Exosomes are quite the scientific mystery. Our cells and the pathogens that infect us generate these vesicles, fluid-filled pouches, and nobody knows why, apart from a vague understanding that as they travel around the fluids of our bodies, they convey messages.
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These microscopic bubbles are found in many, perhaps all, of our bodily fluids, including blood and urine. We know that. We also know that emitting these vesicles is a very efficient way for parasites — including the ones that cause malaria, leishmaniasis and sleeping sickness — to communicate among themselves. Tumor cells also communicate using exosomes; it helps them to evade our immune systems.
A new study by researchers from Israel's Bar-Ilan University, published in the March 2017 issue of PLOS Pathogens, sheds new light on the conundrum, having discovered that stressing the pathogens causes them to frantically emit exosomes.
So, the Israelis argue that heightened budding of exosomes is a signal of distress, a sort of message from a bacterium or parasite to its peers that something is wrong and they need to soldier on alone.
This kind of information is critical to the pathogens. It helps them to operate as a community and to develop immunity to drugs, among other things.
The conclusion was reached from the observation that when a pathogen is under stress, the pace of its exosome secretion escalates by up to a hundredfold.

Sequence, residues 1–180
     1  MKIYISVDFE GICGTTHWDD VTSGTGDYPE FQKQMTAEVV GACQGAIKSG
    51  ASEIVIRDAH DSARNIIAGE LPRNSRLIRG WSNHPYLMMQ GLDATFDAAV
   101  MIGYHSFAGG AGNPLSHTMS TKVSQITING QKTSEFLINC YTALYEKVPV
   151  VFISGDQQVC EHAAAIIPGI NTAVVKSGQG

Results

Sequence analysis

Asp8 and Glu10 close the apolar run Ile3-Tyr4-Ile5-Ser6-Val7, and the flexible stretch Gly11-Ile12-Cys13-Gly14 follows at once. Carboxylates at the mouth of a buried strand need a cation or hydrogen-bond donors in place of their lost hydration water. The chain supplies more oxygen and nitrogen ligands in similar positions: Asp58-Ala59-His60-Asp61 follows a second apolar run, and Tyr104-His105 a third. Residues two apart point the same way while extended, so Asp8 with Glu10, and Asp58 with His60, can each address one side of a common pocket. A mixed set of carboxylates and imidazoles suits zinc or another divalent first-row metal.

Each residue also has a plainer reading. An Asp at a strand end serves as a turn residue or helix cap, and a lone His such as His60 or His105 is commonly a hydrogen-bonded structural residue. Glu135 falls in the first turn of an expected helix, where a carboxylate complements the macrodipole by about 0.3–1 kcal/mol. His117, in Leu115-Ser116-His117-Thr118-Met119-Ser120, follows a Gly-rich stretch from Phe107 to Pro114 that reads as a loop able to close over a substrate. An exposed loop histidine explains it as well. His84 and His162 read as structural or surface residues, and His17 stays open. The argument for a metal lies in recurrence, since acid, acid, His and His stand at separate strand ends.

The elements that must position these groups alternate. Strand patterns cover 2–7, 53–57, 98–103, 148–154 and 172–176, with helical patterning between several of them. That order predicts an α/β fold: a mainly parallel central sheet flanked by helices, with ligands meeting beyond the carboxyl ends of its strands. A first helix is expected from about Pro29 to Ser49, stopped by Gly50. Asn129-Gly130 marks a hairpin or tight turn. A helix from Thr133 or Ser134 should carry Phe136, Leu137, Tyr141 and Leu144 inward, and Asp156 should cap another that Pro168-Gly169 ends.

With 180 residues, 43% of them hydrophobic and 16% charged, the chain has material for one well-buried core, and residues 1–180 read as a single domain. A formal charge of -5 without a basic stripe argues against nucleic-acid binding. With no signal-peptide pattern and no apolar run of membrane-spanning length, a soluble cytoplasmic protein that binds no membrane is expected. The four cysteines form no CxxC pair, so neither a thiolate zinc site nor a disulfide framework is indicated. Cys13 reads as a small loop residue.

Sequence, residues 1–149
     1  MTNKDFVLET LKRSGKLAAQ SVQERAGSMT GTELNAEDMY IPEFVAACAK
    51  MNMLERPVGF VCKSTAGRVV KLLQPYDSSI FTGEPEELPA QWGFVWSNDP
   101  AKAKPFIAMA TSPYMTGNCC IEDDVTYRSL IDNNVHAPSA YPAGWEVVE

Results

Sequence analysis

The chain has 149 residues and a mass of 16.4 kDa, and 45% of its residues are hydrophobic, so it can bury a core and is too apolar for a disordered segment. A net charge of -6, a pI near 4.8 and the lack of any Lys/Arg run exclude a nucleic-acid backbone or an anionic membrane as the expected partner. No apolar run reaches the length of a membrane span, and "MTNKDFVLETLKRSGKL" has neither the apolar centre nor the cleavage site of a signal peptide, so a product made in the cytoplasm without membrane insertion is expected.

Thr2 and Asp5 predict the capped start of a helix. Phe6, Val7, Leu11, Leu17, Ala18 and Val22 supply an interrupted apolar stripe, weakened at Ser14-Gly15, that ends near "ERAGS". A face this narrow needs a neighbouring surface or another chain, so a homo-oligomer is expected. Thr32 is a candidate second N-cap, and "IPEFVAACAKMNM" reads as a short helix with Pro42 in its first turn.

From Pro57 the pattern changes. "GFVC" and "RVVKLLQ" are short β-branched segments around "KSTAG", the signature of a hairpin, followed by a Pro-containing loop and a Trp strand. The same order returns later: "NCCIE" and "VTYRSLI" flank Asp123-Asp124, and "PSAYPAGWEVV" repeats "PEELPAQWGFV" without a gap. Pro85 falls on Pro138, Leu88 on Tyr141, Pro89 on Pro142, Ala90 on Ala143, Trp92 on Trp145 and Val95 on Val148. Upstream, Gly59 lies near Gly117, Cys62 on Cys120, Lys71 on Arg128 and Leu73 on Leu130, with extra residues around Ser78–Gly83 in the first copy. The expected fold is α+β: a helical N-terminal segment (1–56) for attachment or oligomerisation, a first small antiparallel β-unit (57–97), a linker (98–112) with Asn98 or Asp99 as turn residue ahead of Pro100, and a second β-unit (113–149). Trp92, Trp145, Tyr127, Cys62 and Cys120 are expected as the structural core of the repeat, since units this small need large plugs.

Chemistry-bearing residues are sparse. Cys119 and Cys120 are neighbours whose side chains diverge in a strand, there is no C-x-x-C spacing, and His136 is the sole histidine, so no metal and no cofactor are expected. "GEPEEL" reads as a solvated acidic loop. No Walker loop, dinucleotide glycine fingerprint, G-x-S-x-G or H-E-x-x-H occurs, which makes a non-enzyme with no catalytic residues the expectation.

The research was led by Prof. Shulamit Michaeli, dean of Bar-Ilan's Mina and Everard Goodman Faculty of Life Sciences. It focused on the genus of parasites that cause trypanosomiasis, also known as sleeping sickness, and leishmaniasis, whose unsightly skin lesions are called shoshanat yeriho (“rose of Jericho”) in Hebrew.
The research team stressed the parasites, including by exposing them to high temperatures that induced heat shock, and then compared them with their unshocked peers. Exosome secretion increased up to tenfold, Michaeli says: She and her colleagues observed it in real time, and even under an electron microscope.
Physically, an exosome consists of a fatty membrane that encloses molecules such as proteins and nucleic acids (like segments of DNA or RNA), that possess certain properties. Exosomes are budded off by most cell types in most organisms and are known to be critical to communication between cells, and between pathogens of the same species.
An exosome secreted by one pathogen may get taken up by another, which would then possess those properties. Think of it as a system update. For instance, the content of the exosome could confer genetic resistance to a medicine.
With messages of “stay away,” or the conference of resistance and so on, exosomes essentially help one-celled parasites in their natural selection, Michaeli sums up.
Moving from parasites to our own rebellious bodies, exosomes have also been shown, in other studies, to be “used” by cancer to proliferate. Various studies have claimed that cancer cells secrete exosomes that contain “operating instructions” on metastasis, while avoiding the immune system thanks to that fatty membrane skin. That in and of itself is good reason to continue to study these tiny bubbles in our blood and pee and everywhere else. If we can manage to disrupt this intercellular communication between nasties, it could be of real medical significance, Michaeli sums up.